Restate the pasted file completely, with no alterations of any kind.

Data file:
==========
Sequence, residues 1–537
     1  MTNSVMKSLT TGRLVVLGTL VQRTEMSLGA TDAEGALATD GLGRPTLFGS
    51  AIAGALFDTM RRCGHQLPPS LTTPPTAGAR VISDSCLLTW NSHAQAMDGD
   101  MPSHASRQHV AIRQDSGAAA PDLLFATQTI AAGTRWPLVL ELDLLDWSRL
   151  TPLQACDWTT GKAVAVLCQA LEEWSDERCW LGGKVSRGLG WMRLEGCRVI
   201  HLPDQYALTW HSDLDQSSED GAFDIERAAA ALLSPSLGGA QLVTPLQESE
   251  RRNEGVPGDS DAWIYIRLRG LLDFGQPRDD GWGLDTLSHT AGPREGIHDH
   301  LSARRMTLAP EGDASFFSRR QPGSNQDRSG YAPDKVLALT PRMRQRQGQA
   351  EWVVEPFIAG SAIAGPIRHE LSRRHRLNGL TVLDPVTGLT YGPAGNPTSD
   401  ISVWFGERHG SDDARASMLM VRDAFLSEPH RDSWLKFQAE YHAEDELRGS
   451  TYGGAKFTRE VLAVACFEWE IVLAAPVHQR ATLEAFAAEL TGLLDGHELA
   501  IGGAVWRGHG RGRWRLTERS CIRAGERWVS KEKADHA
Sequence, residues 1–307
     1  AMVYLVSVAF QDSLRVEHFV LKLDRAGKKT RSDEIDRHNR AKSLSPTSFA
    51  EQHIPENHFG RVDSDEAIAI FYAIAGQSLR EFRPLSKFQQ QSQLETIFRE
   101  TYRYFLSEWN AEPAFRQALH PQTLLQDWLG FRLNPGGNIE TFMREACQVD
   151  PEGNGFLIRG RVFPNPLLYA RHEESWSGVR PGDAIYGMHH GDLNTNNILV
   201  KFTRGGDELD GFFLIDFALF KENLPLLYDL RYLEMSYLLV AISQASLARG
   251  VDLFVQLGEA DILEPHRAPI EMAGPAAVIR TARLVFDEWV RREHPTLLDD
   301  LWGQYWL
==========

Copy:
Sequence, residues 1–537
     1  MTNSVMKSLT TGRLVVLGTL VQRTEMSLGA TDAEGALATD GLGRPTLFGS
    51  AIAGALFDTM RRCGHQLPPS LTTPPTAGAR VISDSCLLTW NSHAQAMDGD
   101  MPSHASRQHV AIRQDSGAAA PDLLFATQTI AAGTRWPLVL ELDLLDWSRL
   151  TPLQACDWTT GKAVAVLCQA LEEWSDERCW LGGKVSRGLG WMRLEGCRVI
   201  HLPDQYALTW HSDLDQSSED GAFDIERAAA ALLSPSLGGA QLVTPLQESE
   251  RRNEGVPGDS DAWIYIRLRG LLDFGQPRDD GWGLDTLSHT AGPREGIHDH
   301  LSARRMTLAP EGDASFFSRR QPGSNQDRSG YAPDKVLALT PRMRQRQGQA
   351  EWVVEPFIAG SAIAGPIRHE LSRRHRLNGL TVLDPVTGLT YGPAGNPTSD
   401  ISVWFGERHG SDDARASMLM VRDAFLSEPH RDSWLKFQAE YHAEDELRGS
   451  TYGGAKFTRE VLAVACFEWE IVLAAPVHQR ATLEAFAAEL TGLLDGHELA
   501  IGGAVWRGHG RGRWRLTERS CIRAGERWVS KEKADHA
Sequence, residues 1–307
     1  AMVYLVSVAF QDSLRVEHFV LKLDRAGKKT RSDEIDRHNR AKSLSPTSFA
    51  EQHIPENHFG RVDSDEAIAI FYAIAGQSLR EFRPLSKFQQ QSQLETIFRE
   101  TYRYFLSEWN AEPAFRQALH PQTLLQDWLG FRLNPGGNIE TFMREACQVD
   151  PEGNGFLIRG RVFPNPLLYA RHEESWSGVR PGDAIYGMHH GDLNTNNILV
   201  KFTRGGDELD GFFLIDFALF KENLPLLYDL RYLEMSYLLV AISQASLARG
   251  VDLFVQLGEA DILEPHRAPI EMAGPAAVIR TARLVFDEWV RREHPTLLDD
   301  LWGQYWL